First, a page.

A Laurens County investigator may have lied and omitted key facts more than a dozen times when he applied for the search warrant that led to the shooting death of David Hooks.
Federal Judge Dudley Bowen details investigator Christopher Brewer's statements in Monday's order that says the lawsuit by Hooks' widow can go forward.
Bowen's order begins:
"On Sept. 24, 2014, Sheriff's Deputies with a search warrant forcibly entered the rural home of David and Teresa Hooks at 11:00 p.m. where they shot and killed David Hooks as he ran naked, holding a shotgun by his side."
Teresa Hooks' wrongful-death lawsuit argues that the search warrant and drug raid were both illegal and never should have happened.
Laurens investigators and a follow-up investigation by the GBI found no drugs or meth paraphernalia at the Hooks' home.
Written mostly in dry legal language, Bowen's order does not flatly state that Brewer or then-Sheriff William Harrell lied before or after the raid.
But Bowen raises many questions about their credibility that, he says, a jury should decide.
The drug raid was based largely on Brewer's conversations with Rodney Garrett, a burglary suspect who said he stole 20 grams of methamphetamine from a pickup on Hooks' property.
Brewer used Garrett's statements and a 2009 tip from another man to get a search warrant on the night of the raid. A key point in the lawsuit is whether Brewer and Harrell followed proper procedures and had evidence of crimes at the Hooks home.
But citing Brewer's own sworn statements, the judge lists at least 15 instances where the investigator apparently lied or left out important facts in his warrant application to a magistrate judge.
For example, he wrote:
- Brewer failed to mention Garrett's criminal history, that he was a regular meth user, and that he admitted smoking meth "before, during and after" burglarizing Hooks' property.
- Laurens County officers knew that Garrett was under the influence of meth when he was interviewed, had not slept in seven to 10 days and had a history of lying to law enforcement and his own family, the judge wrote.
- Brewer also failed to tell the magistrate judge that Hooks himself had reported the burglary on his property and met with officers there the day before the drug raid.
- Bowen also wrote that Brewer had exaggerated the 2009 tip, from a man who claimed he sold meth to "Hooks and other well-to-do businessmen, judges and attorneys in the greater Dublin area."
That man's statement was never corroborated, even though Brewer and others investigated the case for more than two months, and the sheriff's office never opened a case file on Hooks, Bowen wrote.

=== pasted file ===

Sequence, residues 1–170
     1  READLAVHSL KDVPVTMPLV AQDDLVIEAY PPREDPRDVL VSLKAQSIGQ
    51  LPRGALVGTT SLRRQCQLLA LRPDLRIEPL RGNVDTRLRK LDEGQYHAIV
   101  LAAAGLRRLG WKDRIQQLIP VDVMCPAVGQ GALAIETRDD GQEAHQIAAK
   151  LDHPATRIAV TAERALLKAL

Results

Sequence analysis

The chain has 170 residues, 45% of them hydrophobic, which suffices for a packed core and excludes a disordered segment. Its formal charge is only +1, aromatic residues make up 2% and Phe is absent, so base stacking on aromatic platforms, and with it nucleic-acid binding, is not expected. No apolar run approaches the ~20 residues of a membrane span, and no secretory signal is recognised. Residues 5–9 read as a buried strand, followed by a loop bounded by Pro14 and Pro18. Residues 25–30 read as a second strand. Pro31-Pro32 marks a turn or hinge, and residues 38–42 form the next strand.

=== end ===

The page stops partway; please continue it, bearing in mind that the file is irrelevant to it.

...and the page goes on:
"A reasonable fact finder could easily conclude," Bowen wrote, " that Brewer embellished, distorted or otherwise supplied false (incriminating) facts and disregarded, ignored or otherwise omitted" facts favorable to Hooks.
If a jury discounts the investigator's statements to the judge, Bowen wrote, "Defendants Brewer and Harrell had only the uncorroborated word of a known liar and car thief to put methamphetamine and other evidence of drug activity home of David Hooks.
"No reasonable officer in the same circumstances and possessing the same knowledge could have believed probable cause existed to support the search warrant," the judge wrote.
Evidence also shows that Sheriff Harrell knew about Brewer's false statements, was involved in getting the search warrant and "knew Defendant Brewer was acting unlawfully and failed to stop him from doing so," Bowen wrote.
"The facts support a conclusion that Defendants Brewer and Harrell violated the Fourth Amendment in obtaining and/or executing the search warrant," he wrote.
While Harrell, Brewer and third defendant, deputy Steve Vertin, may dispute all those facts, Bowen wrote, it's up to the jury to weigh their credibility.
For example, Bowen wrote, jurors may "attach critical importance" to Harrell's motives in "gratuitously publishing false statements of DNA evidence purporting to link David Hooks to the methamphetamine found in possession of Rodney Garrett."
Teresa Hooks is suing the three men for wrongful death and for false imprisonment on the night her husband was killed.
The lawsuit argues that the raid itself was "unprofessional" and incompetent.
Although the magistrate authorized a "knock and announce" warrant, the suit says, officer burst in the back door and began firing through the floor, walls and ceiling.
The couple, whose home was burglarized the night before, did not realize at first that the "gang dressed in dark hoods" were officers, the Hooks suit says.
Deputies fired 23 shots inside the house, three of them hitting Hooks, the suit says. One of them struck Hooks when he was on the floor, according to the suit.
The lawsuit argues that the sheriff's office violated the couple's civil rights, caused them both pain and suffering, and caused Hooks' wrongful death. Harrell had "personal resentment" against David Hooks and planned to use the raid to seize his assets, according to the lawsuit.
Teresa Hooks is asking for a trial on the case and says damages should set at trial.
No trial date has been set.
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